KIGALI (Reuters) - European Union ambassadors criticized on Friday the suspension of the local BBC radio service in Rwanda over a row related to a BBC program on the 1994 genocide, saying the suspension undermined free speech.
The service was suspended in October after a documentary by the broadcaster questioned official accounts of the genocide, in which 800,000 mostly Tutsis and moderate Hutus were killed.
The state-run Rwanda Utilities Regulatory Authority said last Friday that the BBC broadcasts were indefinitely suspended. The case has been referred to the prosecutor general.
The BBC’s “Rwanda: The Untold Story,” which aired in October, included interviews with former aides to President Paul Kagame, a former rebel leader, accusing him of plotting to shoot down a plane carrying former President Juvenal Habyarimana.
The assassination of Habyarimana marked the start of the 100-day genocide. The documentary also suggested that Tutsi rebels, led by Kagame, committed war crimes.
Kagame called the documentary “cynicism of the highest order”.
“We recognize the hurt caused in Rwanda by some parts of the BBC 2 documentary “Rwanda’s Untold Story,” European Union ambassadors in Kigali said in a statement.
“However, we regret the indefinite suspension of the BBC Kinyarwanda service on FM and on the internet in Rwanda, which affects media freedom and limits the space for expressing opinions. We expect legal due process to be followed in further steps,” said the envoys, including those from the Netherlands, France, Germany, Britain, Belgium, Sweden and the EU mission.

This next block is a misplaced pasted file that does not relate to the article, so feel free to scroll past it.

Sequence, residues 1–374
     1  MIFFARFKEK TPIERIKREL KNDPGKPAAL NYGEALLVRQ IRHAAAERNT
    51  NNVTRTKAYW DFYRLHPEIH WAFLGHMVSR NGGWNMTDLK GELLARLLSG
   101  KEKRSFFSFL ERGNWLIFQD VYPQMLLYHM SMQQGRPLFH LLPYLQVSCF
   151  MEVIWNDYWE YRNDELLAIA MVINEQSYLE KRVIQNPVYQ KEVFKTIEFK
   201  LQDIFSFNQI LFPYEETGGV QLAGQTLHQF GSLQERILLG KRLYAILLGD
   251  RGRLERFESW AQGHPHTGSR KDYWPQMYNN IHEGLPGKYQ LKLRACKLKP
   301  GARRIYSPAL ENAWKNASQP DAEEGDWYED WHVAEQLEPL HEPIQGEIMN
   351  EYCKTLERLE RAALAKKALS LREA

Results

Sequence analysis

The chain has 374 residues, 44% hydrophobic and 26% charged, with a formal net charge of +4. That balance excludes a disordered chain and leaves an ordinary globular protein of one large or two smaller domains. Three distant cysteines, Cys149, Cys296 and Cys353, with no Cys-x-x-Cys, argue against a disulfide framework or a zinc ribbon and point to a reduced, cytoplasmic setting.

“We expect legal due process to be followed in further steps,” the statement said.
Rights groups have criticized Rwanda for clamping down on the media and stifling political dissent, a charge the government dismisses, saying it guarantees free speech.
Rwandan officials could not immediately be reached for comment on the EU statement.
The armed forces of Kagame’s Rwandan Patriotic Front, led by Kagame, defeated government troops in 1994, stopping a three-month wave of bloodletting by ethnic Hutu extremists
Critics say Kagame, a Tutsi, has taken advantage of Western guilt over the genocide to increase persecution of opponents.
The Kinyarwanda program, which many Rwandans used to listen for stories and debates that cannot run on local media, used run 30 minutes every day and two hours every Saturday.
Reporting by Clement Uwiringiyimana; Writing by Edmund Blair; Editing by George Obulutsa